Wednesday 08 Apr 2020 | 23:15 | SYDNEY
Wednesday 08 Apr 2020 | 23:15 | SYDNEY


Hugh White

6 February 2009 09:17

Like Sam, I’ve been struck by Kevin Rudd’s use of warlike metaphors to describe our economic problems, and like him I suspect there is more political artifice than policy analysis in the choice of imagery. International Relations scholars in recent years have amazed themselves by discovering what the rest of us knew all along: if leaders can indentify an issue in the public mind as a national security crisis, it changes the public’s attitudes both to the actions the leaders take and to the leaders themselves.

Ask John Howard. His later prime ministership perfectly displays both processes at work. First, calling something a ‘national security issue’ delegitimizes debate about the government’s policies. Second, it transforms images of the leader from mundane politician to national hero, and shifts the qualities the public looks for from diligence and competence to strength and decisiveness. Look at the way Americans voted for Bush in 2004.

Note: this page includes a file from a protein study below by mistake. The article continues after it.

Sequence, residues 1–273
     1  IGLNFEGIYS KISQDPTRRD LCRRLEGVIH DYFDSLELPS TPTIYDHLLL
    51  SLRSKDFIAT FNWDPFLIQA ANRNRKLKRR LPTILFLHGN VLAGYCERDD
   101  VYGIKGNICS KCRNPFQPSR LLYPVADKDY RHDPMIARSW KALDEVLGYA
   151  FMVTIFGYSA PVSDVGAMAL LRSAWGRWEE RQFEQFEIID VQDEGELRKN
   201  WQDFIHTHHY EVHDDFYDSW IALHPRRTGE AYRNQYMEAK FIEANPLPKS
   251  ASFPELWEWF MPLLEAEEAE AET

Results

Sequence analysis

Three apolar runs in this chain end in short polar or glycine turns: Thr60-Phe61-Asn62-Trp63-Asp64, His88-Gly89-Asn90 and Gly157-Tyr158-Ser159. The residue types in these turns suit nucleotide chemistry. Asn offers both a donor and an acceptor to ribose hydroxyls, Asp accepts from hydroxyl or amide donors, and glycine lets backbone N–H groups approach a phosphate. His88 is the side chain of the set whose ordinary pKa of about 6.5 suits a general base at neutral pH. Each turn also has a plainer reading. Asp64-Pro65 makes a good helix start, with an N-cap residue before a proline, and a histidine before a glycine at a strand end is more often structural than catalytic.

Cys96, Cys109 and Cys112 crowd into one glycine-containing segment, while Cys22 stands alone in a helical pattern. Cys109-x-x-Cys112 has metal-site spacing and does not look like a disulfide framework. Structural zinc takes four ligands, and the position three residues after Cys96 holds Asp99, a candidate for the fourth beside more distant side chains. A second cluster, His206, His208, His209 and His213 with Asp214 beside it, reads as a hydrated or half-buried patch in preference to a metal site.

Most importantly, what the IR scholars call ‘securitisation’ (not to be confused with the financial manoeuvre of the same name that seems to have landed us in this mess) encourages bad policy, because evidence, analysis and contestability go out the window in favour of instant action. 

Securitisation may begin as a deliberate political ploy, but political leaders are temperamentally predisposed to believe their own rhetoric, and they easily begin to believe that the crises they are managing are so important that doing something is more important than doing something sensible. Hence the 'Get out of my way, this is too important to think carefully about' tone of the last few days.

I often think of my work as an attempt to infuse into defence and strategic policy some of the orderly, evidence-based policy discipline most often found in economics.  So it’s a bit depressing watching the influence flow the other way. I’ve written about the perils of ‘national security leadership’ at greater length here.

Photo by Flickr user JulianBleecker, used under a Creative Commons license.